I just found my financial records going back to 2013!

I know that doesn’t sound exciting, but for someone who loves putting together spreadsheets this is a treasure trove of information! Well, maybe not a trove, but a sizable chunk of data. I only have two numbers for each month – income and expenses. But that’s just enough to calculate my savings rate!

(income - expenses) / income = savings rate

With this number I can trace a broad outline through the past 8 years of my financial life! I present my savings rate charted over the past 8 years:

It’s smoothed out using a 6 period rolling window, as it’s near impossible to see trends when plotting raw numbers.

This chart tells a life story: starting with a near 0% savings rate in early 2014, a dip in 2017, and a steady 75% from 2018 onward. Let’s trace my major life events!

The same image as described above, with a "Silicon Valley job" label hovering over January 2013 mark, with a savings rate at 0% preceding a climb to 25%.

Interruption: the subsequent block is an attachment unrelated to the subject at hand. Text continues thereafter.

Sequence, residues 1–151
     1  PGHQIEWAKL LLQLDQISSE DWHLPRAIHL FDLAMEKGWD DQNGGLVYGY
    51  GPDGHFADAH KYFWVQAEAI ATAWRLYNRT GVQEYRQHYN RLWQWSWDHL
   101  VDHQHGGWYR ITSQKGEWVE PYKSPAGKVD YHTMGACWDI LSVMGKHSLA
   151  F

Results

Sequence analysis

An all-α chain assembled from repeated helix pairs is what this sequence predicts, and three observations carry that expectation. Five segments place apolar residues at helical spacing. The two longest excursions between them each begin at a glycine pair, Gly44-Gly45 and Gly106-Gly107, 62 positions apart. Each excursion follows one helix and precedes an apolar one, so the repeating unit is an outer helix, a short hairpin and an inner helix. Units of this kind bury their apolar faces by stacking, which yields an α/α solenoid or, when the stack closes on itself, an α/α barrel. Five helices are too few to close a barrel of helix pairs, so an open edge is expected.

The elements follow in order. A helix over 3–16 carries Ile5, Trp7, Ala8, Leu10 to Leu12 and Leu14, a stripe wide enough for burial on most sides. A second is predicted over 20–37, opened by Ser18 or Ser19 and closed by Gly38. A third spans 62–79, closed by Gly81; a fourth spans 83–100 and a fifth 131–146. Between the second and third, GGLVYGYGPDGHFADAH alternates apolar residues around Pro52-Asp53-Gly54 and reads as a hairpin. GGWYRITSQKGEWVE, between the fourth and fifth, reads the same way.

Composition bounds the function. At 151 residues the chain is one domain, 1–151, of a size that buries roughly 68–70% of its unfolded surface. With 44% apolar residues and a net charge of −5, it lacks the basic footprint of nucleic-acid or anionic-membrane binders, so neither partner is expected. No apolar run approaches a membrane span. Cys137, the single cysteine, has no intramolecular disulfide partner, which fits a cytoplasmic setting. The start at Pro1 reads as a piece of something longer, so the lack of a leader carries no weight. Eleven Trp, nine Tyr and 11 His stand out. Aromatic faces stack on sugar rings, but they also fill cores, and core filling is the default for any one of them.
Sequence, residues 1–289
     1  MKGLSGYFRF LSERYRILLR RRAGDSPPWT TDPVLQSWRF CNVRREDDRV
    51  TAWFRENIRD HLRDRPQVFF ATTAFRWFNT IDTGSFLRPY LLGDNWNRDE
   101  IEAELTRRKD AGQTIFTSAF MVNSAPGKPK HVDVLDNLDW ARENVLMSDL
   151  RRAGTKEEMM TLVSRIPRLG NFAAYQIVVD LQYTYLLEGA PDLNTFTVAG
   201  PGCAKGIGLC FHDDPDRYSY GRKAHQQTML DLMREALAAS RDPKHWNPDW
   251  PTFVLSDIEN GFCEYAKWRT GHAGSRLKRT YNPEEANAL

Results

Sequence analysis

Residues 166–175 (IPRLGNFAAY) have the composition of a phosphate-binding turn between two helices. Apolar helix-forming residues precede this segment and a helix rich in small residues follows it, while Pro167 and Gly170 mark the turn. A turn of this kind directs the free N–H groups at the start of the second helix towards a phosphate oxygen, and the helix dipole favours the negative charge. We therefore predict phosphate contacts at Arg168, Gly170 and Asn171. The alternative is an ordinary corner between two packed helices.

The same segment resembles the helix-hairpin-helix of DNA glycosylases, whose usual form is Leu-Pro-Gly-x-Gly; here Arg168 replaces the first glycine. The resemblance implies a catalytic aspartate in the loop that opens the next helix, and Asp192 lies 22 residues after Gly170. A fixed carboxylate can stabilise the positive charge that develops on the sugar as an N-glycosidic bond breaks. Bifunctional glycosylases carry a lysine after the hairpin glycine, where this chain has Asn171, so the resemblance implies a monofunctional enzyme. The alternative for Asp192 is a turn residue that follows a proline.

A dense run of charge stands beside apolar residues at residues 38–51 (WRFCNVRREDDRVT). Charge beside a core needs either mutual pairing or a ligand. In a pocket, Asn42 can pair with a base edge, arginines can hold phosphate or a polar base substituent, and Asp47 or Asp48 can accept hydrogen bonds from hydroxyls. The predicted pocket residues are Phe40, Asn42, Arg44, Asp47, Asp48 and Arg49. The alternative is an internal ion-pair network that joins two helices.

By the end of 2013 I lived in downtown Philly and was working as a freelance software developer. Per-project pay was decent, but the gaps between contracts reduced the overall income. That, and being a sole breadwinner for a family of two – the funds were running dry and we were living paycheck-to-paycheck.

My then-SO and I had different financial upbringing. My ex-wife and I were both young when we got married, and we’ve never sat down and talked about finance – so I could only guess as to what her relationship with money was. I came from a household of a frugal single mother – we were never short on cash, but the expenses were low. In a rural community food was grown in a large garden, milk bartered from a neighbor, sweaters knitted.

I distinctly remember my partner not having more than a couple of hundred dollars in a bank account when we moved in together. On the other hand, by the time we got married I amassed a nest egg - nearly $20,000. Granted, it’s small in the grand scheme of things – but these were the savings I put together from working low wage jobs – before I learned software development.

You can see us deplete that fund by the end of 2013 and into early 2014. And paycheck-to-paycheck we lived.